Since our intensive training in the Schools Attuned Program, Subject Specialist Path, which earned faculty a certificate two summers ago, all Learning Specialists at Forman School now use the neurodevelopmental terms in the Learning Profile write-ups which they compose for each of their students before classes begin. This one page Learning Profile provides a “snapshot” of the student that includes his/her learning strengths, challenges, affinities, and necessary accommodations. These profile pages are given to parents, classroom teachers, college advising staff, and other professionals who need access to this information. Learning Specialists are also asking that students use the neurodevelopmental terminology when articulating their learning needs. As a faculty, we are making a conscientious effort to include this specific language in the comments we write home to parents each term. The problem we are facing is that oftentimes parents and educators do not fully understand what is written in the learning profiles because they never had the All Kinds of Minds training. Students are also experiencing difficulty learning the terminology. Forman is a high school which specializes in teaching only those students having learning differences. Do you believe using this technical language makes our reports more accurate, or should we write in layman’s terms?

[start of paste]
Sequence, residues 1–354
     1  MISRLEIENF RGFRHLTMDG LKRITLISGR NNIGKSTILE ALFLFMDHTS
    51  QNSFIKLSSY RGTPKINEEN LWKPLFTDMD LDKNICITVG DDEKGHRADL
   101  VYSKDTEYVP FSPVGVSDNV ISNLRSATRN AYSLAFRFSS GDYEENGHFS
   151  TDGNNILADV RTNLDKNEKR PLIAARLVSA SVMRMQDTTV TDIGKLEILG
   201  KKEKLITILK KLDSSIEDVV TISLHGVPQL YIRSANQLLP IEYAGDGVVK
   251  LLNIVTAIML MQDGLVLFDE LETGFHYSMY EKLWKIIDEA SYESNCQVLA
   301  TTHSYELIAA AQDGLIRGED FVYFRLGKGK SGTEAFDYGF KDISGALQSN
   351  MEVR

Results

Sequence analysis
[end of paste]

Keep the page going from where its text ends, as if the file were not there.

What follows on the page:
One thought on ““The Language””
I suppose the “techicality” of the language depends on what level you are using (construct, function, or component). I don’t think the constructs and functions are too technical, but out of context, I suppose they could be intimidating. Honestly, I don’t think it matters if you use AKOM terms because what is important is that you cite the observation and link it to your hypothesis. It would be just as easy to say “Student gets overwhelmed when his memory is asked to juggle mulitple tasks” as it would be to say “Student struggles with Active Working Memory.”
We have to keep our eye on the ball that our goal is to educate/empower our students and parents to understand themselves. Sometimes that may mean using the language, and other times it may mean leaving the language aside and just explaining.
The great thing about our approach is that we aren’t confined by our labels!